Wednesday, November 4, 2009

The Graveyard Book by Neil Gaiman

First published in 2008.

He would be completely normal if he didn't live in a sprawling graveyard, being raised and educated by ghosts, with a solitary guardian who belongs to neither the world of the living nor of the dead.

There are dang
ers and adventures in the graveyard for a boy - an ancient Indigo Man beneath the hill, a gateway to a desert leading to an abandoned city of ghouls, the strange and terrible menace of the Sleer.

But if Bod leaves the graveyard, then he will come under attack from the man Jack - who has already killed Bod's family . . .
(book flap blurb)

What an amazing book. No wonder it won the Newbery Award. It was completely deserving. And it only took Gaiman 20 years to write! Now my spending a year on my own manuscript doesn't make me feel so guilty.

I tend to not make connections from one book to another all that easily and it wasn't until Gaiman mentioned the Jungle Book reference that it all clicked for me. Of course! Same concept, different landscape. Granted it's been quite a while since I've read Kipling, I still remember enough to draw the post-parallels.

Bod is such a magical character, and this is above and beyond the Freedom of the Graveyard that he has. There was something special about him right from the very beginning. There was something calling to him to get him out of harm's way and into the safety of, of all places, a graveyard. The man Jack never stood a chance.

And how I loved the Jacks of All Trade! How awesome of a group. I really wish the book went into a little more detail about just what they were because, really, the little worm on a hook we got about them so wasn't enough for me. I wanted more! And I just might get it in Gaiman's supposed sequel!

The book is written in such a simplistic way that it would be simple for a child of really any age to understand but the older you are, the greater you're capable of understanding all of the underlying elements it holds. This book is literally something for people of all ages to read. There's nothing in here that someone 10 or 30 wouldn't like.

All of the characters are living and breathing as soon as they come onto the page. Maybe it's the bias that I have towards Gaiman because I love most of his work so much, but I honestly think the man could create an infinitely dynamic character from a couple of words, he's that good. But everyone from Bod to Scarlett to Silas (how awesome Silas was!) to the Owenses and Liza and the Jacks, even the Sleer had a rich depth about them that only magnificent storytelling could weave.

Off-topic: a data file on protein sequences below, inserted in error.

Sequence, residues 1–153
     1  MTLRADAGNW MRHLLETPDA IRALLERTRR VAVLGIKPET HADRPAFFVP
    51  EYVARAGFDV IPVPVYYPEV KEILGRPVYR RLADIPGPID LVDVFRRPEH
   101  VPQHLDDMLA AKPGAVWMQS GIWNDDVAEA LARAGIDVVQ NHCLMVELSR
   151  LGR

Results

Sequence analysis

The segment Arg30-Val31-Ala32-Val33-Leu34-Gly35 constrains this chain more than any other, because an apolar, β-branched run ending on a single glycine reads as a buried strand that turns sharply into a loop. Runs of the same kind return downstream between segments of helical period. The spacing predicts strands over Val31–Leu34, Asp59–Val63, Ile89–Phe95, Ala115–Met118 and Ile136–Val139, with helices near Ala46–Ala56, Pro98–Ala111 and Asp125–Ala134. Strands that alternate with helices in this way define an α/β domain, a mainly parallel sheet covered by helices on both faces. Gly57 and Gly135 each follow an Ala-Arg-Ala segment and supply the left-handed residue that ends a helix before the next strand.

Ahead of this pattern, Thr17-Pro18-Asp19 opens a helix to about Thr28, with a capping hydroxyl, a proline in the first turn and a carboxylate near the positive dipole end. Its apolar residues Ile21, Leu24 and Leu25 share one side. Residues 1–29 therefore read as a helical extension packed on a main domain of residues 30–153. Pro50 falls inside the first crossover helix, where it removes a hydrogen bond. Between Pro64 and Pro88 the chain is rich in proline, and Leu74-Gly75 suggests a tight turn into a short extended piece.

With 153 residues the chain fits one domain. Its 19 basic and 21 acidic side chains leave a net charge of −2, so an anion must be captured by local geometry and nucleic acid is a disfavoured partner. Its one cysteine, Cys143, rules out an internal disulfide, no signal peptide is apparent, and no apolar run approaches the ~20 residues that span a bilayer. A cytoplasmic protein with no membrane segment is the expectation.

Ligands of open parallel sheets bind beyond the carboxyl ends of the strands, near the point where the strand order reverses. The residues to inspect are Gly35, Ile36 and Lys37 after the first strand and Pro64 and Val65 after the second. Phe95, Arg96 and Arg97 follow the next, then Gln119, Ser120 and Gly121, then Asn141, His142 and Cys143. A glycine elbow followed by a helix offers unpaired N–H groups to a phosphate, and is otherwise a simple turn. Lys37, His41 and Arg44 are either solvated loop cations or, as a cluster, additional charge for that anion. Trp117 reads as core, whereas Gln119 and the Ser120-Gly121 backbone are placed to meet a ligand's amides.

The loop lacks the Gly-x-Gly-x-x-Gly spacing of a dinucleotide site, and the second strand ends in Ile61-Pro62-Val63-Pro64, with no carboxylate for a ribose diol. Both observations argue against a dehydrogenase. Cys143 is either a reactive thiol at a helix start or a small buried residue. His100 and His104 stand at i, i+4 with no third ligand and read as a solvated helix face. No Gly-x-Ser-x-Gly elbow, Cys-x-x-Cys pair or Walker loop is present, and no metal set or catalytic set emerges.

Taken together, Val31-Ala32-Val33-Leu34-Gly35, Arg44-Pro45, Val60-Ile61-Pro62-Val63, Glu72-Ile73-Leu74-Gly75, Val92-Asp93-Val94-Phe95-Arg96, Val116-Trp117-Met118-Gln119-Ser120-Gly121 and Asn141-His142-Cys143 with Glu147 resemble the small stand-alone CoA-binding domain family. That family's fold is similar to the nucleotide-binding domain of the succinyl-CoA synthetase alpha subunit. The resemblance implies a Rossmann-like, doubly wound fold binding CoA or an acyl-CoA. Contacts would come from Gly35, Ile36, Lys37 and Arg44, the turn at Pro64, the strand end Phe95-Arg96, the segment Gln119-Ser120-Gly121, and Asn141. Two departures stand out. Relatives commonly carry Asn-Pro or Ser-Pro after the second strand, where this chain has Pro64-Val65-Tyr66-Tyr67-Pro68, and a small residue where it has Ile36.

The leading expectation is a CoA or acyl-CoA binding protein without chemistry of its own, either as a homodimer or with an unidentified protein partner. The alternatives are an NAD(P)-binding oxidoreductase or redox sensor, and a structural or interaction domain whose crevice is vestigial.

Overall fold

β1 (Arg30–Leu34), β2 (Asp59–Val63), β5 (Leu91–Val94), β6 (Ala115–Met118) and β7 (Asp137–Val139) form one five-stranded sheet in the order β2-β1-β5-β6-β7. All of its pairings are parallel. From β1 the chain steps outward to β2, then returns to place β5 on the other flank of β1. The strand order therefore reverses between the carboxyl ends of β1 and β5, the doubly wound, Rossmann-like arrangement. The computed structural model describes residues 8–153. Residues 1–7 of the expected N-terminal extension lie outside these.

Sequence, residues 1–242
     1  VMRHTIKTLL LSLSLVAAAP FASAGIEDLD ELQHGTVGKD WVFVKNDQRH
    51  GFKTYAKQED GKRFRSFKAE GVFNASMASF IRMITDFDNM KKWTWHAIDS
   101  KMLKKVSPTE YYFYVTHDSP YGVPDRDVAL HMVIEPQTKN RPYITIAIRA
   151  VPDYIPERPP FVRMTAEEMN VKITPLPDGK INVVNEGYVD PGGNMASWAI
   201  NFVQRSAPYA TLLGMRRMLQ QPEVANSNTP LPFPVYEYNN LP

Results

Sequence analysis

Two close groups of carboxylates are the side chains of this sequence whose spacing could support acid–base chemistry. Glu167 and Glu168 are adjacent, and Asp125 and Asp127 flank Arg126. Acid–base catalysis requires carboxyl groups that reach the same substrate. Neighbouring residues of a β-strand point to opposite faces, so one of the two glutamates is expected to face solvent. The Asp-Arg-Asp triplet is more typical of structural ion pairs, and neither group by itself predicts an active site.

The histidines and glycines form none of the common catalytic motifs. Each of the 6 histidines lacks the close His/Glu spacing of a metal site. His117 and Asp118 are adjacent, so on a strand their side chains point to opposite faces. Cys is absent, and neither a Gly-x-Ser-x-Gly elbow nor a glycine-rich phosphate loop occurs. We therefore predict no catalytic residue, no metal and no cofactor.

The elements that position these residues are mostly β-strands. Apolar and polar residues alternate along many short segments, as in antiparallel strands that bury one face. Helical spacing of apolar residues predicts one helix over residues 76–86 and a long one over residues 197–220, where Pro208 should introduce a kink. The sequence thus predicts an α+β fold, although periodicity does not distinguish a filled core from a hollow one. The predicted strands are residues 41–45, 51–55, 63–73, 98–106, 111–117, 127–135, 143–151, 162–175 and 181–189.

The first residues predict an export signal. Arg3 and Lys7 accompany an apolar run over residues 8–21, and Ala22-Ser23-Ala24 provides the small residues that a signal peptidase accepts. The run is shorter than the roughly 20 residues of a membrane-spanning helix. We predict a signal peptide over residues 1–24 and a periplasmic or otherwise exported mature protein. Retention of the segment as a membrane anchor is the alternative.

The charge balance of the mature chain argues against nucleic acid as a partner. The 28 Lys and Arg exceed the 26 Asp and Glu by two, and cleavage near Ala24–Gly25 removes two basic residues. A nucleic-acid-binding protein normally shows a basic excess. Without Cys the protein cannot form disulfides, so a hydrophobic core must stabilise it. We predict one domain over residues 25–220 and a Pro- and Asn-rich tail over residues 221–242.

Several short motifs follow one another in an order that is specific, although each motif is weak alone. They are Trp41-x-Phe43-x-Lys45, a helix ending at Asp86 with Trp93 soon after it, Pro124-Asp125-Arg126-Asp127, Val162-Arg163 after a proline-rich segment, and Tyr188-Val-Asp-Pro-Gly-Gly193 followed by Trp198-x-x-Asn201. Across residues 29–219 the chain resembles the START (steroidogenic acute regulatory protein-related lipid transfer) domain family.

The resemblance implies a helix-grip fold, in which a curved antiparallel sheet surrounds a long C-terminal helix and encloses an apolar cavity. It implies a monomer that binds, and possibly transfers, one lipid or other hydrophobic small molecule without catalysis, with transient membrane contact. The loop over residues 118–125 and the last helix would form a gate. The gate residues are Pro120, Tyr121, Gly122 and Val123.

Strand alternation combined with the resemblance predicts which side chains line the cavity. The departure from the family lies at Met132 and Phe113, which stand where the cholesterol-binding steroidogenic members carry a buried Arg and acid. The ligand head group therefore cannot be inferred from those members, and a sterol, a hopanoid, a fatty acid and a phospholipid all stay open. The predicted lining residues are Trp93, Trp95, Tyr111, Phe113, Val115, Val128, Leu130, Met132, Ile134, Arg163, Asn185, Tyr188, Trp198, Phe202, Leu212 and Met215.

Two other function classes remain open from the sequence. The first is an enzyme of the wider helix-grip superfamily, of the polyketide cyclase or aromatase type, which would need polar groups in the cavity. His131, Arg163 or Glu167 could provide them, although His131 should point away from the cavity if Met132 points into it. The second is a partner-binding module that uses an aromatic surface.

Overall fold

What pulled at me the most was the relationship between Scarlett and Bod. I found myself in Bod's shoes asking why? towards the end because there were other ways, there could have been other ways but Silas knew what he was doing. And that pain of Bod being without another living person to exist around really permeated the pages. Of course he loved where he was and he loved his ghost family, but at the end of the day Bod was human and as a human he required like companionship.

The ending opened up all sorts of possibilities for Bod but even then it was a sad send-off for him. I didn't want him to leave the people that have cared for him all those years. And he was so young! But all times must come and it was Bod's turn to play that fiddle. It didn't keep the tears from prickling my eyes, though, that much I can tell you.

The writing is, without a doubt, fantastic. The characters are as real as if they were breathing at your neck and every emotion Bod feels, every sense of fear or pain or sadness or happiness, pulls at your heart just like it does to him. You'll look up to the parental figures of the graveyard, you'll sneer at the foes and you'll love the life just like Bod does. So be sure to read this book because this is one you certainly don't want to miss.


Sonja said...

Yay! I'm so glad you liked this book. I had to gobble it all up when my mom was here for less than a week but I want to read it again.

I loved the Jack of all Trades, and I loved the Werewolf as a Hound of God -- a myth I'd never heard before Gaiman.

And possible sequel? So there!

Zia said...

This book holds a special place for me. It is the book that led me to discover Neil Gaiman. I have since devoured almost every one of his books. He has become one of my favorite authors.

in which a girl reads said...

I loved this book too! And I still can't believe it took him 20 years to write. Amazing :)

Anonymous said...

I really need to pick this one up. I have heard such good things about it.

Rhiannon Hart said...

Oh really? The Jungle Book? I'm doubly intrigued now!

prophecygirl said...

I have this, but haven't read it yet. It sounds ace! :D

Rabid Fox said...

I think this book has got to be the next of Neil Gaiman's works that I read. Every review I read makes it sound irresistable.

Donna (Bites) said...

This is definitely a READ RIGHT NAO!

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